Crocodile, 441-5611, $15 8 pm. Thurs., Feb. 21

KASEY CHAMBERS laughs a lot. Which would hardly be worth mentioning—she is, after


Cry if you want to

Kasey Chambers makes beautiful music with the sorrow of the world.


Crocodile, 441-5611, $15 8 pm. Thurs., Feb. 21

KASEY CHAMBERS laughs a lot. Which would hardly be worth mentioning—she is, after all, a healthy, successful 25-year-old—were it not for the fact that her second album is awash with enough tears to float the Lusitania. Eight of the 14 tracks on Barricades & Brickwalls (Warner Bros.), the follow-up to her critically lauded debut, The Captain, mention turning on the waterworks.

Fortunately, the Australian country singer isn't quite so emotionally overwrought as the heroine of her new "A Million Tears." Or, at least, she doesn't let it show. "My mum tells me that when I'm down, I have a bad habit of bottling it up and making out that it's not there," she admits.

Instead of sharing her woes, Chambers says she's more prone to hide in her bedroom and write. "Mum's always saying, 'You don't talk to people. . . . '" In fact, the new "On a Bad Day," which features her friend Lucinda Williams on backing vocals, was directly inspired by her mother, Diane, "telling me that too often. Maybe I need to take some of her advice."

Maybe, maybe not. Since Chambers' heart-on-her-sleeve songwriting, coupled with a throaty singing style that blurs the borders between strength and vulnerability, have made her a bona fide star in Australia and a serious contender in the States, questioning her inspiration could potentially spell the end of a promising career. "Which means it's detrimental to [my mother] as well," adds Kasey, "because she's my merchandise lady." In fact, the whole Chambers clan—who cut four albums together as the Dead Ringer Band before Kasey went solo—works with her: Bill, her father, plays in her band; brother Nash is her producer and manager.

Barricades & Brickwalls also features a secondary recurring theme: trains. Although Chambers lays part of the blame at the feet of Canada's Fred Eaglesmith ("I know at least five or six of his albums by heart, and I can't think of one that doesn't have a train song on it."), her fascination with iron horses is partially autobiographical, too.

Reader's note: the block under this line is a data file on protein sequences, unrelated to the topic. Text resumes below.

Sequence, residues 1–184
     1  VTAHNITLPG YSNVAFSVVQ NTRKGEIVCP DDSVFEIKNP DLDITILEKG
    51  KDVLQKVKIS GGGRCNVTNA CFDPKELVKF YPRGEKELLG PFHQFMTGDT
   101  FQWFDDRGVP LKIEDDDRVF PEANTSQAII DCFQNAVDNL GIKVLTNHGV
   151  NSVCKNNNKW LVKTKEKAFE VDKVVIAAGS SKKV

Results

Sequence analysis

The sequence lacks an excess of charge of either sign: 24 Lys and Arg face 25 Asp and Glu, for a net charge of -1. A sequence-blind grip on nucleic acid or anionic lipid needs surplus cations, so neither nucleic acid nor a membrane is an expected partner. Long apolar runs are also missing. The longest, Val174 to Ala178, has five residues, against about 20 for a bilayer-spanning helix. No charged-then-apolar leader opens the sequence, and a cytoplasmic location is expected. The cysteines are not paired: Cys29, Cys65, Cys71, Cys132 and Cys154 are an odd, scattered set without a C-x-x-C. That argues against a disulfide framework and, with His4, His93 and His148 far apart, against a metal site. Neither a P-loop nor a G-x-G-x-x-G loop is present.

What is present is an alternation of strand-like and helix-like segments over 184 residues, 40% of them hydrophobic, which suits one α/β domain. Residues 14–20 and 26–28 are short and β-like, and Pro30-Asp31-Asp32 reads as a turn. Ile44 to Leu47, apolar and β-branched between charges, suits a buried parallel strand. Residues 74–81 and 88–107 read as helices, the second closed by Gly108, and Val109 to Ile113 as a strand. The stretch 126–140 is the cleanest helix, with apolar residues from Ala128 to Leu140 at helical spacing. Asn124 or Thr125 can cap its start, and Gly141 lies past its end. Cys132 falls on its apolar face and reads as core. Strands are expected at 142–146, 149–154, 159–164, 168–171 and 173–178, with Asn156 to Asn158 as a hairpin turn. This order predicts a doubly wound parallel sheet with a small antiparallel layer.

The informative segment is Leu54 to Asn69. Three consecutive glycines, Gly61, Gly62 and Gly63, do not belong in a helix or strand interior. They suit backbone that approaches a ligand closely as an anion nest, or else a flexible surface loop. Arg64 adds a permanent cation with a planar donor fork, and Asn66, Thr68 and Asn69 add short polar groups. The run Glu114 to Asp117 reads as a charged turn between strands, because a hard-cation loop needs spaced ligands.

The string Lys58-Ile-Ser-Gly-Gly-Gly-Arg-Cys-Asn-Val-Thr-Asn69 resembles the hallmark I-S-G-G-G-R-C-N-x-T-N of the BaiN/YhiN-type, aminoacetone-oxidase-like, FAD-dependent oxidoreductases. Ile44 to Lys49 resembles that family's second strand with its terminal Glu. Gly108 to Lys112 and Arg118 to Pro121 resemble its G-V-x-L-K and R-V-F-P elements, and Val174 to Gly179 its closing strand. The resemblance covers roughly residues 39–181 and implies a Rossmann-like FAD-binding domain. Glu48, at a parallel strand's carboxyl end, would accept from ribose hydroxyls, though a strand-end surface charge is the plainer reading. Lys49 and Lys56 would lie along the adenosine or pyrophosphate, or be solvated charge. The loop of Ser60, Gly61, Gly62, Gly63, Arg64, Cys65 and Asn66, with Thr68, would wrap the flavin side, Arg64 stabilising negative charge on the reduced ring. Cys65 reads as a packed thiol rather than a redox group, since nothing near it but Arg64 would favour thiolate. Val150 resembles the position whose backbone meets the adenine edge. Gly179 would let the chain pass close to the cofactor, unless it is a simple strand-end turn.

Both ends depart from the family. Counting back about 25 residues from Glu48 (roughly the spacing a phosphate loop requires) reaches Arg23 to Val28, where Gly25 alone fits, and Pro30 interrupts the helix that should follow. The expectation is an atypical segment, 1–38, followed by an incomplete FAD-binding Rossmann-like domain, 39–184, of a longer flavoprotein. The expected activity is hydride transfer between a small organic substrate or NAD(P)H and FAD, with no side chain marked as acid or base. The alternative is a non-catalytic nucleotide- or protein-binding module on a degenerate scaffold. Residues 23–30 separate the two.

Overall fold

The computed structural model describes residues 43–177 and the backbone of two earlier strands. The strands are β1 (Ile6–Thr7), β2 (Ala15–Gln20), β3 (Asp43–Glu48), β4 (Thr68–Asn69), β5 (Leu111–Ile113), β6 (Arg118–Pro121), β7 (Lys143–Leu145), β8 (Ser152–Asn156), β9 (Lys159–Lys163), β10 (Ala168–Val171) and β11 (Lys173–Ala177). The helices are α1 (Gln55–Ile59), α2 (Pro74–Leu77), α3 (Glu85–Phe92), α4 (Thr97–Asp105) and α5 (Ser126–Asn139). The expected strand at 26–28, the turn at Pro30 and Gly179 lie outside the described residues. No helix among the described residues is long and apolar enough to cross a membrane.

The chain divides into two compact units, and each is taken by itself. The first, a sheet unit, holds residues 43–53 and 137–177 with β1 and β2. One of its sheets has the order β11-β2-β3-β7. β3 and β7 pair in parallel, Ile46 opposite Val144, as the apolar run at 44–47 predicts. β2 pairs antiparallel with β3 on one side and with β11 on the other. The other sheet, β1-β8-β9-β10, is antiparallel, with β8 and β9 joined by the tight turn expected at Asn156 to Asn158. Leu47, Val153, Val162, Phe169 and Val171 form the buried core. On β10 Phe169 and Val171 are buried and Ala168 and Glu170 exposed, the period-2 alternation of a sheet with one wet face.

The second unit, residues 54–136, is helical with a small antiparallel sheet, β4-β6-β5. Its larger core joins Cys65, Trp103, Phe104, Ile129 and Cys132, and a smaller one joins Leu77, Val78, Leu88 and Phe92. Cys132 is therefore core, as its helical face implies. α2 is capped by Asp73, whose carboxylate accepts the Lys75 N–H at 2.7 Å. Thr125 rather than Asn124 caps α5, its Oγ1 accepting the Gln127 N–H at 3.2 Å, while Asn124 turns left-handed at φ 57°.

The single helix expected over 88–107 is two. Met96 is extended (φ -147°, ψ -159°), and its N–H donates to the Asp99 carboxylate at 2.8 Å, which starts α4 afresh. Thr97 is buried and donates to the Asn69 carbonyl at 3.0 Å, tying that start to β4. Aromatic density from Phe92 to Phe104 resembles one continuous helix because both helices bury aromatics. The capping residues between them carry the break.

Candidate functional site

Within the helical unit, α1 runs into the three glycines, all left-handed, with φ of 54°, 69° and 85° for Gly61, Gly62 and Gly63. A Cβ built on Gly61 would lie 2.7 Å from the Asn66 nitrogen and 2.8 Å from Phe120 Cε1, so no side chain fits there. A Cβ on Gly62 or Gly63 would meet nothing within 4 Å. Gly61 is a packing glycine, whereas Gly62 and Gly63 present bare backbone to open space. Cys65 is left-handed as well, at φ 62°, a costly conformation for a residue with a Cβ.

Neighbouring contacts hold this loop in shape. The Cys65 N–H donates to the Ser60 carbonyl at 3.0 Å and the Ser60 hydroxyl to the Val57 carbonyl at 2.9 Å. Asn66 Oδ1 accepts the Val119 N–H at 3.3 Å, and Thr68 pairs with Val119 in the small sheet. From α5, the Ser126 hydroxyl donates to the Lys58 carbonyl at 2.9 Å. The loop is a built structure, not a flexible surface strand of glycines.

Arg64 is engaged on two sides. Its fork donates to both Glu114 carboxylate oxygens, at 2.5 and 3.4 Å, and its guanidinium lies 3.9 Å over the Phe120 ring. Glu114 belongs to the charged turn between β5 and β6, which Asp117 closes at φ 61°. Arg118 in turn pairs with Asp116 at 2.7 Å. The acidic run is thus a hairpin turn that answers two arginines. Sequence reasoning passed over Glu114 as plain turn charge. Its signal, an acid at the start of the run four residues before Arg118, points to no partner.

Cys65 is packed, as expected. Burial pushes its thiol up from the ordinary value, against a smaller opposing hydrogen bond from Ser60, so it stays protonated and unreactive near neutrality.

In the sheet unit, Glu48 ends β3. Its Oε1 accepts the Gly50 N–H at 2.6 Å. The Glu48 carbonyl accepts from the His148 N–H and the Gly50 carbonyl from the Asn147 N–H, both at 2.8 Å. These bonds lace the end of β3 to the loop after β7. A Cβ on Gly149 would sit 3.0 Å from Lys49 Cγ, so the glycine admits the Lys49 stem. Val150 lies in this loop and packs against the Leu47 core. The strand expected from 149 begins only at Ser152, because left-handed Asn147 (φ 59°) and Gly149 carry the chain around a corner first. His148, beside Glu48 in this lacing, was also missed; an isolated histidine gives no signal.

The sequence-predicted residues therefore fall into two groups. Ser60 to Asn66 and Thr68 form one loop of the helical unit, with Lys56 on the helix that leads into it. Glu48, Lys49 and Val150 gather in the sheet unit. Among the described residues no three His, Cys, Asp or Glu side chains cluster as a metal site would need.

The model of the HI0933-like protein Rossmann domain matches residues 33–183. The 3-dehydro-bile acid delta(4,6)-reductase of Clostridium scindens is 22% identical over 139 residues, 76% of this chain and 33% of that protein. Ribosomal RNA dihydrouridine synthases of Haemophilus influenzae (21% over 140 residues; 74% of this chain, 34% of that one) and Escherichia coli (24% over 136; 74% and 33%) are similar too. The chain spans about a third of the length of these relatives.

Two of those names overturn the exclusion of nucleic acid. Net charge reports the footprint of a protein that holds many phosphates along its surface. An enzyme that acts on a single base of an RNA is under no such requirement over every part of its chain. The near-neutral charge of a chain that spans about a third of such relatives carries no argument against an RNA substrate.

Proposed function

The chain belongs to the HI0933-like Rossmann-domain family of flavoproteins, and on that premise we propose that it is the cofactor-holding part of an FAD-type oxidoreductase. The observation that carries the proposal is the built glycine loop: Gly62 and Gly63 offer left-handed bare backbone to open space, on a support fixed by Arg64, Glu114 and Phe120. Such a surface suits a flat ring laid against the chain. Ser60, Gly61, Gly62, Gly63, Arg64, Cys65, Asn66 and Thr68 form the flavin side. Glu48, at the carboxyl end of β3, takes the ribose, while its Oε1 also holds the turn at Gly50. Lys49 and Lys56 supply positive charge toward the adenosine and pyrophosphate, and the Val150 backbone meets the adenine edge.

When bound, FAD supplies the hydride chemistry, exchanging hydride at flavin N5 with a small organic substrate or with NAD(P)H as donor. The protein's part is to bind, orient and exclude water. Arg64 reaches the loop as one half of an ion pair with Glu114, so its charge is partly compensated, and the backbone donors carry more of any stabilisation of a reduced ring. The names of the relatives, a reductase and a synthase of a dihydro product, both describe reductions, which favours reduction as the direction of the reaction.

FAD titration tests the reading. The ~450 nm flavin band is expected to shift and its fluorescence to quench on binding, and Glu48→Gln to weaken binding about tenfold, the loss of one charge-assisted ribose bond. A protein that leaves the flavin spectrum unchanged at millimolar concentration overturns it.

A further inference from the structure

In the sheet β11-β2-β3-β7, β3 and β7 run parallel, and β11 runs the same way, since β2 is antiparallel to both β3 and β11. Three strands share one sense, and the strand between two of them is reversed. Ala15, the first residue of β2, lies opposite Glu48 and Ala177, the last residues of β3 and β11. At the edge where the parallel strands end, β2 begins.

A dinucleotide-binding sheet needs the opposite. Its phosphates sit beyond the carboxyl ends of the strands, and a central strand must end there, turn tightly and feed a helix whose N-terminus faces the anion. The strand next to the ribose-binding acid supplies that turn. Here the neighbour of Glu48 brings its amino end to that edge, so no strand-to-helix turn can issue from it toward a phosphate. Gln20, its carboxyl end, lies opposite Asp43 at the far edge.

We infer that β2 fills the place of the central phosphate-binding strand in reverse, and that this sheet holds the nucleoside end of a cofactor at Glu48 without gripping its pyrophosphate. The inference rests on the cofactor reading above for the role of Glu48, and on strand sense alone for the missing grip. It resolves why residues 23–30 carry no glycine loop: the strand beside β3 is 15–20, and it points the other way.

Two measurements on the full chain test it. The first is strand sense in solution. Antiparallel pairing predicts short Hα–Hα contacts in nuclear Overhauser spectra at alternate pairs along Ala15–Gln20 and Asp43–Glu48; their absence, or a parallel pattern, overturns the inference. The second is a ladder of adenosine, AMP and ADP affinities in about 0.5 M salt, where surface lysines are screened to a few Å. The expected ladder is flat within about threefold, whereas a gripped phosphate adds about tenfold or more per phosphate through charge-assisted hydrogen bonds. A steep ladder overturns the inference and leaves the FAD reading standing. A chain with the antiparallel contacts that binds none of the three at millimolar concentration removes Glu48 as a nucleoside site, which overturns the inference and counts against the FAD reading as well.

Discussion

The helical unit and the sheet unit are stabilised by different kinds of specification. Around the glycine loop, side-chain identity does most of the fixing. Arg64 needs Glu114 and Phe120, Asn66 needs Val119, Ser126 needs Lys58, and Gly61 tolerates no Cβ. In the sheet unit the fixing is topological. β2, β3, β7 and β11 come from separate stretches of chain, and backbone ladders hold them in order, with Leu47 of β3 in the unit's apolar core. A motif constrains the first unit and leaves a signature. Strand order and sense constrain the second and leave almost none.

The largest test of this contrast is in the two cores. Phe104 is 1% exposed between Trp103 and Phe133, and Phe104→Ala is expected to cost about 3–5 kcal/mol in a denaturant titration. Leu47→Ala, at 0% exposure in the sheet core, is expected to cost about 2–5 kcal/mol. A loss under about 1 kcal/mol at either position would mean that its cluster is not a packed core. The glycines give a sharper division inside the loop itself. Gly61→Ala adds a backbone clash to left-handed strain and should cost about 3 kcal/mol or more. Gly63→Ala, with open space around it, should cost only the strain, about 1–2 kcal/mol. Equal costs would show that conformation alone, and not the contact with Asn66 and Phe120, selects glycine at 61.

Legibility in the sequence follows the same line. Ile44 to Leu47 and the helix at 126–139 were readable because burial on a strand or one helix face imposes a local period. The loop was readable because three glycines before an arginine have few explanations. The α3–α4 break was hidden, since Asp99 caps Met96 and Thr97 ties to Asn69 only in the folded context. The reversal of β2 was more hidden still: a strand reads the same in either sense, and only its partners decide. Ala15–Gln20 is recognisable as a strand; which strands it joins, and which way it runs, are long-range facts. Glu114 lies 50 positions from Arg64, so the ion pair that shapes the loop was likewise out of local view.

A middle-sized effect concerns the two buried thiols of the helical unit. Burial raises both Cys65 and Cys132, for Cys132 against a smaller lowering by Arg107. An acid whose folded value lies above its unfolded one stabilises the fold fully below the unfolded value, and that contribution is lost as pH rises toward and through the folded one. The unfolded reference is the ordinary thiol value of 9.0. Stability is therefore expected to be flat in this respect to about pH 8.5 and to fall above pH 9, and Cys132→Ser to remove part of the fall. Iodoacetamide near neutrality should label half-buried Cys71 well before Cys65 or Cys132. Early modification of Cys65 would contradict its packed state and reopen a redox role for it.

For the first 10 years of her life, Chambers lived in Australia's desolate Nullarbor Plain, where the family spent seven months a year hunting fox and rabbit for their skins; in the evenings, they sang Emmylou Harris and Gram Parsons favorites around the campfire. "Our only contact with civilization was the sugar train that runs right through the Nullarbor, from Sydney to Perth," she recalls. "We would stop and get all our supplies from it. That was the only time we would see people when we were living out there."

From a teenager raised on the plain, to a mother to be (she's expecting her first child in May) feted by everyone from David Letterman to the producers of The Sopranos, Chambers has also matured as a songwriter over the last few years. "I'm a lot more honest now," she opines. "It's funny, because when I wrote The Captain, I was being as honest as I possibly could at that point in my life. But as honest as you ever get when you're a teenager, it's still not very honest."

Perhaps the best example of her newfound frankness is the hidden track that closes Barricades. A litany of tragedies stitched together with admissions of denial, "Ignorance" climaxes with Chambers railing, "If you're not pissed off at the world/Then you're just not paying attention." She penned the song as a reality check at a point when her career was progressing better than she ever imagined. "Sitting down and writing that was just [part of] a realization that, 'Hey, just because your life is going great right now, there's no less suffering in the world because of that.'"

Not exactly the sort of sentiments pop singers, especially young ones, are expected to espouse, as she hints on "Not Pretty Enough," a thinly veiled dig at play-it-safe radio programmers. But no matter. Judging from the powerful responses she's evoked to date, including two major wins at the ARIAS (Australia's equivalent of the Grammy Awards), there's no question a sizable audience for Chambers' potent, no-frills artistry already exists.

Which is exactly why the young lady with the robust laugh writes so freely about shedding tears.

"I'm sure [Britney Spears] feels all the same things that young girls out there feel—and that I feel—but she doesn't sing about them and she doesn't promote them, and she makes it all sound rosy. And that's a really bad thing for young people, because they're under the impression that they have to be OK about everything and they have to look great all the time and have these perfect lives. But nobody does. That's the only thing I'm saying: 'It's OK to be sad and cry about things and be upset. It's OK if things don't go your way every day'."


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